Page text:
May 1 Energy News

May 1, 2017

Science and Technology:

¶ Climate change is a notoriously difficult concept to visualize, but a paper from the Geological Society of America makes climate science more accessible by showing the impact that warming has had on glaciers around the world. The paper aims to improve public awareness of our planet’s disappearing glaciers. [ScienceAlert]

Six years’ change – Columbia Glacier in 2009 and 2015
(Image: James Balog | Extreme Ice Survey)


¶ In what is part of a growing trend, Europe is accelerating its shift away from coal and to more renewable alternatives. According to Bloomberg, companies all over Europe are closing or converting existing coal-burning generators. The fast-paced phase out is a practical and economical choice, as the cost of renewable energy continues to drop. [Futurism]

¶ Australia’s government announced that it will restrict energy exports to avert a looming natural gas shortage. Australian Prime Minister Malcolm Turnbull said steps were needed to secure natural gas for domestic manufacturers and households. Previously, the gas had been sent to export facilities for sale around the world. [The National Interest Online]

Flaring natural gas (Credit: Creative Commons)

¶ At a conference titled “Powering Viet Nam” held in Ha Noi, leaders of US multinational conglomerate General Electric as well as global and local energy sector experts shared ideas, case studies and best practices with more than 200 attendees and industry experts, the Dau tu (Investment) newspaper reported. [VietNamNet Bridge]

¶ With electricity prices spiralling and a rush towards green energy, fresh figures show the rate of solar panel installations across Australia led by West Australia is gathering pace. The southern Perth postcode of Baldivis is Australia’s solar capital, with more than two-thirds of houses generating their own power from the sun. [The West Australian]

Solar panels on homes in Baldivis, West Australia
(Picture: Mogens Johansen | The West Australian)

¶ The Community Power Agency has produced a snapshot of community-owned energy projects and found Australians had financed more than 30 wind and solar projects to the tune of almost $24 million in the last six years. Community-owned projects are so popular, they are being funded within hours of being offered in many cases. []

¶ A state-owned Swedish company has become the latest European firm to enter the UK’s lucrative energy market, as Britain’s appeal to continental power suppliers shows no sign of abating after the Brexit vote. Vattenfall is launching its first foray into UK energy supply as it joins a competitive field of European players. [The Guardian]

Vattenfall wind farm (Kapook2981 | Getty Images | iStockphoto)

¶ Construction is set to begin on one of the largest solar projects in Australia’s development pipeline, after the 148-MW Ross River Solar Farm this week achieved financial close. Large wind and solar farms can be planned and built in 2 to 3 years (compared with 10 to 15 years for nuclear) and are ready now to replace fossil and nuclear electricity. [RenewEconomy]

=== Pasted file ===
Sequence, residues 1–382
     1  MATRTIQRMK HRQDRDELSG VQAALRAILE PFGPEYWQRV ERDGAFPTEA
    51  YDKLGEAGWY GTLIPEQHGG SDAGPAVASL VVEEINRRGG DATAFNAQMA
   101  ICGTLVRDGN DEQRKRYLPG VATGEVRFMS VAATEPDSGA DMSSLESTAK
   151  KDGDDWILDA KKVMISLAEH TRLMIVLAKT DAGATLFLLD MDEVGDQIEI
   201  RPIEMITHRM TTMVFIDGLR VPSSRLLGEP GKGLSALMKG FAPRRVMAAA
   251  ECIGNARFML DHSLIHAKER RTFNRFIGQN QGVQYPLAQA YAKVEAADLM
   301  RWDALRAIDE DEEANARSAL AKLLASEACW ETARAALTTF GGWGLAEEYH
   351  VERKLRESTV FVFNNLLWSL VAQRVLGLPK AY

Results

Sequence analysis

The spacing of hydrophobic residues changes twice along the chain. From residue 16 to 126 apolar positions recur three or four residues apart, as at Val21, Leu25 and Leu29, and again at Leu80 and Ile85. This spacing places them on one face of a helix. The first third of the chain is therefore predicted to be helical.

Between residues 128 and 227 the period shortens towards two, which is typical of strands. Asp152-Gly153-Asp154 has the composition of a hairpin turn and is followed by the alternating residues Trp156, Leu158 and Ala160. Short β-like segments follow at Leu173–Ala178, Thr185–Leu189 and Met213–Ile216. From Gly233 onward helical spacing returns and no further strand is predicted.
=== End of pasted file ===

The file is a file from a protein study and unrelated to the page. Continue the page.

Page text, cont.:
¶ Brazil’s government-run energy agency Empresa de Pesquisa Energética has conducted a study to assess the country’s potential for hybrid solar-wind power installations. EPE’s study was conducted after several developers expressed the desire to see a hybrid wind-solar category included in the national power auctions. [pv magazine]

Hybrid wind-solar power plant (Governo de Pernambuco)

¶ A new Global Wine Index outlines the most at-risk wine regions according to rising temperatures and other climate change factors. Unfortunately, some of the world’s finest grapes are unlikely to survive. A multidisciplinary research team of engineers, seismologists, meteorologists, scientists, and wine lovers created the index. [AlterNet]


¶ A proposal to build an electric transmission line to carry Canadian power through Vermont on its way to southern New England would reopen public debate about the use of the land that began nearly two decades ago. The proposal by National Grid would install the power line alongside an existing transmission line. [The Recorder]

Power lines in Vermont (AP Photo | Wilson Ring)

¶ Negotiators have reached a bipartisan agreement on a spending package to keep the US federal government funded until the end of September, according to congressional aides. It is very different from what the president proposed. The EPA’s budget is at 99% of current levels and also includes increased infrastructure spending. [The Guardian]

¶ For decades, the Block Island Power Company ferried up to a million gallons of diesel fuel a year from the Rhode Island mainland to power Block Island. The fuel is a costly and dirty energy source whose CO2 emissions are second only to burning coal. Now, America’s first offshore wind farm is delivering it electricity. [InsideClimate News]

Tourists on Block Island taking in the view of the wind farm
(Credit: Phil McKenna | InsideClimate News)

¶ Californians who get electricity from one of the state’s community choice aggregators could face higher costs under a plan being proposed by the state’s three investor-owned utilities. The proposal calls for a new approach to apportioning the utilities’ costs for energy contracts among the departing and remaining customers. [RTO Insider]

¶ Over the past decade, battery storage has taken great leaps toward mainstream use, expanding exponentially alongside renewable technologies. In the US, battery storage is now clearly an established market. Battery storage deployments grew to 336 MWh in 2016, doubling the amount deployed in 2015. [POWER magazine]

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